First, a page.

Caution: This version of this document is no longer maintained. For the latest documentation, see

io-pkt-v4, io-pkt-v4-hc, io-pkt-v6-hc

Networking manager


io-pkt-variant [-d driver [driver_options]] [-i instance]
   [-p protocol [protocol_options]] [-t threads] [-v]

where variant is one of v4, v4-hc, or v6-hc.

Runs on:



-d driver [driver_options]
Start the specified devn-* or devnp-* driver:

The driver_options argument is a list of driver-specific options that the stack passes to the driver.

Note: Use commas, not spaces, to separate the options.

The stack processes various driver options; for more information, see Generic driver options,” below.

-i instance
The stack instance number, which is useful if you're running multiple instances of io-pkt. The io-pkt manager will service mount requests of type io-pktX, where X is the instance number. For example:
io-pkt-v4 -i1 -ptcpip prefix=/alt
mount -Tio-pkt1 /lib/dll/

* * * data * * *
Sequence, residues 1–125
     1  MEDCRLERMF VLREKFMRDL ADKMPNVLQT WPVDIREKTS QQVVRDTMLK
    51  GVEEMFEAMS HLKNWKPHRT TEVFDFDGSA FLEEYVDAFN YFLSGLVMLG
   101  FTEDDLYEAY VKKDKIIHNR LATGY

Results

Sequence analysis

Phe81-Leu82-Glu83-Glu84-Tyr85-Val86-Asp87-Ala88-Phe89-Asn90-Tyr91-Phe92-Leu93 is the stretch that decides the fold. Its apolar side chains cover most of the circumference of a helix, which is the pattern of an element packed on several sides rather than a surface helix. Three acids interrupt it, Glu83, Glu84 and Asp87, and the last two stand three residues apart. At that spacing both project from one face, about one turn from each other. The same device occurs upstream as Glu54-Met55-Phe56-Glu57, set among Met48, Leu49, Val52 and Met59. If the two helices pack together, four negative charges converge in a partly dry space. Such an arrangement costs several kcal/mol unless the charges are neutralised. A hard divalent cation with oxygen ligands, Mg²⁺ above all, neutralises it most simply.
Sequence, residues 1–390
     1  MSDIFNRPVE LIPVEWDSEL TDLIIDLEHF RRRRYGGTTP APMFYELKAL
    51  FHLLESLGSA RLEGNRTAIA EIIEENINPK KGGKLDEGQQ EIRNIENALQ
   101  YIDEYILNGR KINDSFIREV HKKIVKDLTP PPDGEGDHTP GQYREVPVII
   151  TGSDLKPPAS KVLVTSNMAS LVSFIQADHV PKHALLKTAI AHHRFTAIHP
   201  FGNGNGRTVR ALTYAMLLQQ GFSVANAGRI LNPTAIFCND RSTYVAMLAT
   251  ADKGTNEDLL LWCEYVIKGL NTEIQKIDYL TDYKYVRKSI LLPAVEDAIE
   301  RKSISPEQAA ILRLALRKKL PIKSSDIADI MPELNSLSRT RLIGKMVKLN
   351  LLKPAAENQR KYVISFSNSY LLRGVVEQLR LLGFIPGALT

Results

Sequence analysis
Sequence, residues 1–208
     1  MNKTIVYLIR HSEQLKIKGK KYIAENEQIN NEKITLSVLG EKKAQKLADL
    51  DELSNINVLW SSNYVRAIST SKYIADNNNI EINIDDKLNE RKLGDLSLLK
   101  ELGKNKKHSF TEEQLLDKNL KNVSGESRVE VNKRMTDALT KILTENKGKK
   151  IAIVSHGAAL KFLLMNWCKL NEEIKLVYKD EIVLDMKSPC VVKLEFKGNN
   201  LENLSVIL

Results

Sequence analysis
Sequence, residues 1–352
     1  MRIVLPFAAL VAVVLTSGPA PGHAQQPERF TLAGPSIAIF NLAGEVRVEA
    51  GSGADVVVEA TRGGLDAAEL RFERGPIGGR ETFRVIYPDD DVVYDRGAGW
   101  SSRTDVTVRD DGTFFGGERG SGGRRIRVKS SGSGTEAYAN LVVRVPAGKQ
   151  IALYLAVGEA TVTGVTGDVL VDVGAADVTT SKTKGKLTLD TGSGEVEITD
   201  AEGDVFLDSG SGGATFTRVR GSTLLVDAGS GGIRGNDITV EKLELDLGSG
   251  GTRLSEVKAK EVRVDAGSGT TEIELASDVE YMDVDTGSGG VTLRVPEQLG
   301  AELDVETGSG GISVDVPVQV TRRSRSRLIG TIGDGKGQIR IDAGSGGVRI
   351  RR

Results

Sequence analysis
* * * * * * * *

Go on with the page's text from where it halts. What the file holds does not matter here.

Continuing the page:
-p protocol [protocol_options]
The protocol to start, followed by a list of protocol-specific options.

Note: Use commas, not spaces, to separate the options.

The available protocols include:

Protocol Module
tcpip The stack includes TCP/IP; you need to specify this protocol only if you want to pass additional parameters (e.g. prefix=) to it. For more information about the options, see below.
Don't register a SIGSEGV handler to quiesce the hardware if a segmentation violation occurs. This can help with debugging if it isn't possible to get a backtrace to the original code that generated the SIGSEGV through the signal handler.
-t threads